The Guide

Katie But­ton met her hus­band and earned her chef stripes on the seafood-rich Costa Brava. Dis­cover her fa­vorite haunts along this in­sider tour

Coastal Living - - CONTENTS -

Fall­ing in love with Spain’s stun­ning Costa Brava

THERE ARE TIMES WHEN you feel your life about to change. For me, it was at a lit­tle restau­rant called Rafa’s on the Span­ish coast, when I took my first bite ever of es­par­denya de mar.

Seared on a plan­cha (a cast-iron grid­dle) with a lit­tle bit of olive oil, the dish—the clos­est trans­la­tion is “sea cu­cum­ber”—had a fla­vor so mild, a tex­ture so poised between chewy and ten­der, that it made that ephemeral prom­ise of umami sud­denly as real as the sim­ple white plat­ter in front of me. Next: tel­lar­i­nas, the tiny pur­plish bi­valves that re­minded me in­stantly of the co­quina clams I used to dig up as a lit­tle girl on the beaches of South Carolina. I scraped the del­i­cate meat with my teeth like I was eat­ing sun­flower seeds, and built a col­or­ful mound of their tiny shells.

I was en­chanted with my meal and with the man sit­ting across from me, and ready to em­brace all of it in a very big way.

THOSE LUCKY ENOUGH to spend time on the Costa Brava in Spain know that it is deeply ro­man­tic—the ro­mance feels baked in like the saf­fron in paella. Trans­lated as “rugged coast,” this stretch of north­east­ern Spain runs 132 miles from Barcelona to the French bor­der and is marked by small vil­lages filled with white­washed build­ings and terra-cotta roofs, tiny beaches called calas that of­ten lie hid­den from view, and in­cred­i­ble food. The Costa Brava was also home, for a time, to elBulli—widely con­sid­ered the best restau­rant in the world. As­pir­ing to make my own mark in the culi­nary world, I’d landed a six­month ap­pren­tice­ship in 2008 at the restau­rant, lo­cated in a Costa Brava town called Roses. While there, I fell deeply in love with a Roses na­tive and elBulli col­league, Félix Meana; with Spain; and with its mar­velous food.

The fla­vors of the Costa Brava are of both the sea and the moun­tains. The Mediter­ranean an­nounces it­self in dishes like rock­fish, an­chovies, and, yes, sea cu­cum­bers. From the land come meats crafted into cured per­fec­tion and cheeses that are sharp and pun­gent, mild and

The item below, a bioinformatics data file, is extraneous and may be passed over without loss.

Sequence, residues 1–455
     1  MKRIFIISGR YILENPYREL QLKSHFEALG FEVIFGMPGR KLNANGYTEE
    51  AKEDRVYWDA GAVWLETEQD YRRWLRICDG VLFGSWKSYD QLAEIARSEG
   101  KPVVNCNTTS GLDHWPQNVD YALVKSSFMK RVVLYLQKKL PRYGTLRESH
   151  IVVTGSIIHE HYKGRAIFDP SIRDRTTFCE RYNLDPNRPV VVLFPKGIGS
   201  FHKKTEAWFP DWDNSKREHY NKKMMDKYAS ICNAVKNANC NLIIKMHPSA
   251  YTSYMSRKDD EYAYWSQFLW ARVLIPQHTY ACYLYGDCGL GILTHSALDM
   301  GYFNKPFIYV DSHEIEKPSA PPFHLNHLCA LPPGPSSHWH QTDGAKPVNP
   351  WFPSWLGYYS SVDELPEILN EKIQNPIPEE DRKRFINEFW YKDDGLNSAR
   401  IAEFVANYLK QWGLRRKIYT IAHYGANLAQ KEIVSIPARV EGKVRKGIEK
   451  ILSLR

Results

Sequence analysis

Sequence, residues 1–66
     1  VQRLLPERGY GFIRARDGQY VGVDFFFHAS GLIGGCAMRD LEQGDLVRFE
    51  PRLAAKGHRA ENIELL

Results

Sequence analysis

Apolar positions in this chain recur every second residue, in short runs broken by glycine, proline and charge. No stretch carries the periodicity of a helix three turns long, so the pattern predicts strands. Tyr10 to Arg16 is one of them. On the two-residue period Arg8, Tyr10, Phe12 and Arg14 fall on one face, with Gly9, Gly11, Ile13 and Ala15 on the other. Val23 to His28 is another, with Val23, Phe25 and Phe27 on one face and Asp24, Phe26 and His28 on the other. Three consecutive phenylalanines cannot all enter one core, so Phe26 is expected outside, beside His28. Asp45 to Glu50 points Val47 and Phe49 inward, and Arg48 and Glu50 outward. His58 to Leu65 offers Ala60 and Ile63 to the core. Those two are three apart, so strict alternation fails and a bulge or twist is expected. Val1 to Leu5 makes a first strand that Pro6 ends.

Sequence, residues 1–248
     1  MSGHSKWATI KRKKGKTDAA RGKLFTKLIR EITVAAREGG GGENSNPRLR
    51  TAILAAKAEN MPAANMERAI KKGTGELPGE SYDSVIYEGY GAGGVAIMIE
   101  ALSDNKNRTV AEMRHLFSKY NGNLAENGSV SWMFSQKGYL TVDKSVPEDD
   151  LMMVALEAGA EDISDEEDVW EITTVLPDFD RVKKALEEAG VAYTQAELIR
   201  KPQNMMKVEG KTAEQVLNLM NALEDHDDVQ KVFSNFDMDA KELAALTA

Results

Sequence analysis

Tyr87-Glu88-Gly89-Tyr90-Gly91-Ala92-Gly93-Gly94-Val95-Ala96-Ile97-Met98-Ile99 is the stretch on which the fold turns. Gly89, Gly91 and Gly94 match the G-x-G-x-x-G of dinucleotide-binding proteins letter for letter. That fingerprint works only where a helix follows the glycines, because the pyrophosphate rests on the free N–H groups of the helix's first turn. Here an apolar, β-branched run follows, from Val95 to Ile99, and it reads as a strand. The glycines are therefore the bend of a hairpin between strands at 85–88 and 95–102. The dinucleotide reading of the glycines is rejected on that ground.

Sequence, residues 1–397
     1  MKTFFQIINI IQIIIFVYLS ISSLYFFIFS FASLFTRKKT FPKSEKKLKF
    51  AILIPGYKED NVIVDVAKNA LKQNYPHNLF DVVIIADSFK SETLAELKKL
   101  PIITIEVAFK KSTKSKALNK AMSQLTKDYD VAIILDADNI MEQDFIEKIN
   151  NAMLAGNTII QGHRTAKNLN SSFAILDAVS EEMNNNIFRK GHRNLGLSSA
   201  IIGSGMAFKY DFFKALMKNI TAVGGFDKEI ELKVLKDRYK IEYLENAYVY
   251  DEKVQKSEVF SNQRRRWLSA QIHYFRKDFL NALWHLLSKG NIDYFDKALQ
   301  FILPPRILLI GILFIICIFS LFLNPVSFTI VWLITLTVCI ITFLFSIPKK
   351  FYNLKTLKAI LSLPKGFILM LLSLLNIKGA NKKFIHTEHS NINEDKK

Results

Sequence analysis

nutty. The re­gion also borders Penedes, the home of Cava, Cat­alo­nia’s sparkling wine that pairs ef­fort­lessly with the cui­sine.

Over that bril­liantly hum­ble meal at Rafa’s, I de­cided to re­turn to the States with Félix to launch our own restau­rant, Cúrate, de­voted to Span­ish cui­sine. Even af­ter mar­ry­ing and start­ing a fam­ily, we’ve made an­nual trips to the coast that is so much a part of our lives. It re­mains my fa­vorite des­ti­na­tion in the world.

THERE IS NO BET­TER PLACE for a taste of the Costa Brava than Roses. While we worked (and I learned) at elBulli, the lively streets of this an­cient town amid low-ly­ing hills pro­vided small, un­pre­ten­tious, and thrilling res­tau­rants to ex­plore. Cal Cam­paner, which just cel­e­brated its 52nd an­niver­sary, is like a dressed-up ver­sion of Rafa’s, with a larger menu and a slightly fancier set­ting, but with the en­dur­ing Roses fo­cus on seafood in the hands of gen­er­a­tions of fam­ily. La Sirena, an­other house of de­li­ciously fresh seafood, is known for its tapas clas­sics like

pimien­tos de Padrón—blis­tered Padrón pep­pers tossed with sea salt—and en­sal­adilla Rusa, a tra­di­tional potato salad pre­pared with tuna, olives, piquillo pep­pers, and a de­li­cious house­made, olive oil–based may­on­naise.

While lin­ger­ing over plates might be the supreme ac­tiv­ity on the Costa Brava, the ideal com­ple­ment is to linger on the re­gion’s gor­geous beaches. Just up the road from Roses is one of my fa­vorite haunts: the Platja de l’Al­madrava, a pale, fine-sand beach shel­tered from the

tra­monte—the re­gion’s north wind. With a path along its shal­low arc for an in­vig­o­rat­ing walk and calm, crys­talline wa­ters for mid­day plunges, it’s the world’s best way to work up an ap­petite. And when it’s time to dig in again, Al­madrava has the per­fect restau­rant: San­tallú­cia, a white­washed bistro that spills out onto the palm tree– dot­ted sand. Sit with a bot­tle of Gar­natxa blanca

(a Cata­lan white Gre­nache) and or­der the fideuà,

a cousin to shell­fish-rich paella that’s cooked and served in the same broad, shal­low pan but made with noo­dles in­stead of rice.

The coast stretch­ing north from Al­madrava is a beach-lover’s cor­nu­copia—a bit like a tapas menu of small de­lights. This is a land of calas: smaller, peb­ble-cov­ered beaches that form a scal­loped shore­line, their con­fines pro­tected by rocky out­crop­pings and head­lands. Pick your plea­sure: the iso­lated in­ti­macy of the tiny Cala Calís (reach­able only via a short hike); the

Chef Katie But­ton brings paella to ta­ble

Beach­front in Roses

Rafa’s

Cadaqués

Fresh-caught tuna

Cadaqués

Katie and Félix in the kitchen at Cu­raté

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